Through sitting in homes, visits to the hospital, listening to the voices of courageous, resilient mothers tell their stories, teaching English, struggling to learn and communicate in Amharic, practicing cooking injera, drinking many cups of buna (coffee), and asking many questions, I became deeply connected with the community of Kore. Though I cannot directly relate to their experiences of injustice, poverty, and often unimaginable pain of trauma, abandonment, and shame; I was offered the space to share in wrestling with asking, seeking, and crying out about how the gospel which declares Christ’s defeat of death to be final, also speaks new life into each particular story of the people I came to know and care for deeply. There were often moments and days where having my eyes opened to a new depth of suffering, and the struggles of the community within the context of conflict and injustice in Ethiopia caused me to cry out, Lord are you seeing this? It was in these moments that I also came to grow in trust and confident assurance of the promise that God is making all things new. Though before my eyes it often looked as though the darkness was stronger, what I came to see, as the Lord graciously revealed his light through his faithful people around me, is that the light is more true that I had known before.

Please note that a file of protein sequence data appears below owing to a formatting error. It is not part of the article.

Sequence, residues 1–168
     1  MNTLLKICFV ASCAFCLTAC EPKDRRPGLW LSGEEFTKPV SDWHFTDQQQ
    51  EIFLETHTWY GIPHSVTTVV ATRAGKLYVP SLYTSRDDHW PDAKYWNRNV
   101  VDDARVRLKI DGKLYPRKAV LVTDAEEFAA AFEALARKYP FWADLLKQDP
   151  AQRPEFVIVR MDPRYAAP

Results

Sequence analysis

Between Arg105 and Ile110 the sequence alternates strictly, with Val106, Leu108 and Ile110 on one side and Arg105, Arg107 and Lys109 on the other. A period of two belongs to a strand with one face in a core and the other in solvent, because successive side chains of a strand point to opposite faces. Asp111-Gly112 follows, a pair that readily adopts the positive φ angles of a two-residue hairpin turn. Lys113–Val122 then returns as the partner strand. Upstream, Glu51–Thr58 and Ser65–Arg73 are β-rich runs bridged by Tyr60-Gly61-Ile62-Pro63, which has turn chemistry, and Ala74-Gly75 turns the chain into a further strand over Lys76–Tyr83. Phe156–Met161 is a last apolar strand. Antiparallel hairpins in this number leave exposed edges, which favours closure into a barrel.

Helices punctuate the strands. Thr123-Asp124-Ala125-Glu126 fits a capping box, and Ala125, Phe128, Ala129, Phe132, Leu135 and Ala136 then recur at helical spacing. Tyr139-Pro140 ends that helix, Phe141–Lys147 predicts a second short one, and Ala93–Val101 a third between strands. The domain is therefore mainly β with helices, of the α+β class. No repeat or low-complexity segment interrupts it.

I am so thankful for both the encouragement and challenge I received this past summer in Ethiopia to hold to the vision that it is truly only God who does this work. God is the healer, the restorer, the redeemer, the light, the peace, the rest, and the hope that each human heart is longing for, and by him alone can be made whole. Through holistic development efforts such as Hope for Korah’s work, we can learn that those who are called to engage the injustice of poverty recognize it is not by their hands or gifting that any sustainable change is made. For though we do not always know why God chooses people, we do know who he chooses; the unqualified, the humble, those who fear him, who listen to his voice, who are willing to go without knowing all the answers and who trust in his loving kindness, rather than their own strength. For all along it was God who would use my feeble offering of a broken heart over the suffering and injustice that those I love in Kore experience for a purpose bigger and more beautiful than I could imagine. Where I felt inadequate, unworthy, and overwhelmed it was the person of Jesus who invited me to walk in grace alongside him and I believe this is the joy of responding to the call to enter into the pain of others, to love our neighbour.